This weekend, President Obama will travel to Vietnam, making the third U.S. presidential visit to the country since the end of the Vietnam War. Obama’s trip, which will also include a stop in Japan, will encompass several priorities. He will try to reassure allies that the United States remains committed to the Trans-Pacific Partnership, even though the deal has stalled on Capitol Hill and could be rejected in Congress entirely. (For more on the TPP’s current fate, see this new Bloomberg piece.) He will become the first president to visit Hiroshima, where he will likely reaffirm his commitment to reducing nuclear proliferation without making a formal apology for the use of nuclear weapons in World War II. He may send further signals about long-term U.S. commitment to protecting freedom of navigation in the South China Sea, at a time when the Philippines has just elected a new president who seems focused on domestic priorities and more willing to reach some kind of accommodation with Beijing on disputed waters.
Obama also will probably spend some portion of his time in Vietnam touting bilateral cooperation on resolving problems left over from the war, such as the effects of Agent Orange on the Vietnamese population and environment. He may even announce a boost in funding for Agent Orange-related cleanup; funding for Agent Orange remediation has increased during Obama’s tenure.
In Vietnam, however, perhaps the biggest question will be whether Obama publicly calls for a complete end to U.S. restrictions on arms sales to Hanoi. Currently, the White House has eased restrictions on sales of some U.S. maritime equipment to Vietnam, but it has not tried to end the arms embargo. According to reports in Reuters and other outlets, the Vietnamese government, which last year was the eighth largest purchaser of arms in the world, is interested in buying U.S.-made helicopters and fighter planes, among other equipment. Representatives of several U.S. defense companies reportedly attended a defense symposium in Vietnam last week, perhaps to discuss potential helicopter and aircraft sales, according to Reuters.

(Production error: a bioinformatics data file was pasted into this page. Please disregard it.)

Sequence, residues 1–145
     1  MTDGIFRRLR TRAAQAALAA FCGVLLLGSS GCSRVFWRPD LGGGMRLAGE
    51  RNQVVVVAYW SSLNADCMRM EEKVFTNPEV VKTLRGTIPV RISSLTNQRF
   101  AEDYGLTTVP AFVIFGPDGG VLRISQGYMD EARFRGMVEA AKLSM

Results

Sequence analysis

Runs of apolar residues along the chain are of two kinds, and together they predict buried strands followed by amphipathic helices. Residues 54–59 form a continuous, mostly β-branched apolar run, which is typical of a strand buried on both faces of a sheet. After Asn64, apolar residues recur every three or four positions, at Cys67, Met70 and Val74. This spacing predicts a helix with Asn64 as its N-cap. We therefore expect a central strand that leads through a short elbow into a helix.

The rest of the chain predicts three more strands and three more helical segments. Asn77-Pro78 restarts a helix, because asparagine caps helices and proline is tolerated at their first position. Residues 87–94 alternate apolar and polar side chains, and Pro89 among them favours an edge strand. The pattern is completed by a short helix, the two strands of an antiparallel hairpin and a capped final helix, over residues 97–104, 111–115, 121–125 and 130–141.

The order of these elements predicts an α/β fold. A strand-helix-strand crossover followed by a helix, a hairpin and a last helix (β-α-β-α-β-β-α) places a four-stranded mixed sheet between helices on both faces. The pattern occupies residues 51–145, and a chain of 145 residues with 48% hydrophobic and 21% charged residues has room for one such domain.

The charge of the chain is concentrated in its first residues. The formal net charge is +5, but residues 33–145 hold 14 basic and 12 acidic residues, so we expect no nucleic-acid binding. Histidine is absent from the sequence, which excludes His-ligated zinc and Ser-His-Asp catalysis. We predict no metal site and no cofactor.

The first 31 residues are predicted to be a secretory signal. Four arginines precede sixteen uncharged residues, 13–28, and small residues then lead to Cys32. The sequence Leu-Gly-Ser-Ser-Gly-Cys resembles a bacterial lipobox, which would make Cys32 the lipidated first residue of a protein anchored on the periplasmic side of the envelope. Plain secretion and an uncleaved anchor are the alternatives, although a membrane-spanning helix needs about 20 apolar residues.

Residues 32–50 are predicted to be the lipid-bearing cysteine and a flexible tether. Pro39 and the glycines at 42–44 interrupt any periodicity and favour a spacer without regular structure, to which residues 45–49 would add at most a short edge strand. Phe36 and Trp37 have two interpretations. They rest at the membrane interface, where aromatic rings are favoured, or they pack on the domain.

Many human rights groups and media outlets, like the Washington Post, are urging the Obama administration not to lift restrictions on arms sales to Hanoi, citing Vietnam’s poor human rights record. Between 2012 and early 2015, the Vietnamese government’s already-bad rights record actually got worse, with Hanoi rounding up and jailing bloggers, shutting several state media outlets that published even mildly critical reporting, and passing legislation that tightened government control of social media. However, between early 2015 and today, Hanoi has loosened the reins a tiny bit, releasing several prominent writers and activists. Still, Vietnam remains one of the biggest jailers of journalists in the world, and the country is run by a one-party regime that engineered a change in leadership earlier this year in an opaque manner, with virtually no public input. When independent candidates—i.e., men and women who did not belong to the Communist Party—tried to run in elections earlier this year for the National Assembly, which is a rubber stamp legislature, the government prevented most of them from even running.
Still, as I have noted before, Vietnam’s enormous strategic importance makes it worthy of a closer defense relationship with the United States, including arms sales. Unlike neighboring states such as Thailand, Myanmar, the Philippines, or Cambodia, Vietnam has a highly professional military and is relatively stable, if authoritarian. (Thailand and the Philippines are, of course, U.S. treaty allies, but their militaries have frequently proven inept at tasks other than meddling in domestic politics.) Vietnam has a population that is strongly pro-American, and U.S. security and economic support for the regime in Hanoi does not appear to impact pro-American sentiment in the country, in the way it might in Malaysia or Thailand or Cambodia. Most important, Vietnam has immense strategic value alongside the South China Sea, and it is a critical potential counterweight to Chinese dominance of that vital waterway. Its armed forces are well-trained and its leadership is increasingly willing to abandon Hanoi’s strategy of balancing between Beijing and Washington, in favor of closer partnership with the United States. The country is a leader of the Association of Southeast Asian Nations, and one of the fastest-growing economies in the world, though it has slowed from its staggering growth rates of the early 2000s. Still, Vietnam is poised to grow by 6.3 percent in 2016 and 6.2 percent in 2017, according to estimates by the International Monetary Fund.
While ending the embargo, the U.S. government should not offer up any pretenses about Vietnam’s government. There remains, at least for now, little chance of a democratic transition in the country, and Hanoi’s substantive economic reforms have not been accompanied by meaningful progress on political freedoms. Vietnam is part of a region-wide political regression that includes increasing authoritarianism in Thailand, Malaysia and now possibly the Philippines. But Vietnam should be an exception to a policy of prioritizing democracy in Southeast Asia, although the White House can continue pushing for human rights and political freedoms in Vietnam even while ending the arms embargo. Vietnam’s importance to the United States’ security in Asia, and to the security of U.S. partners, should trump all other issues.
This piece first appeared in CFR’s blog Asia Unbound here.
Image: U.S. Army/Flickr.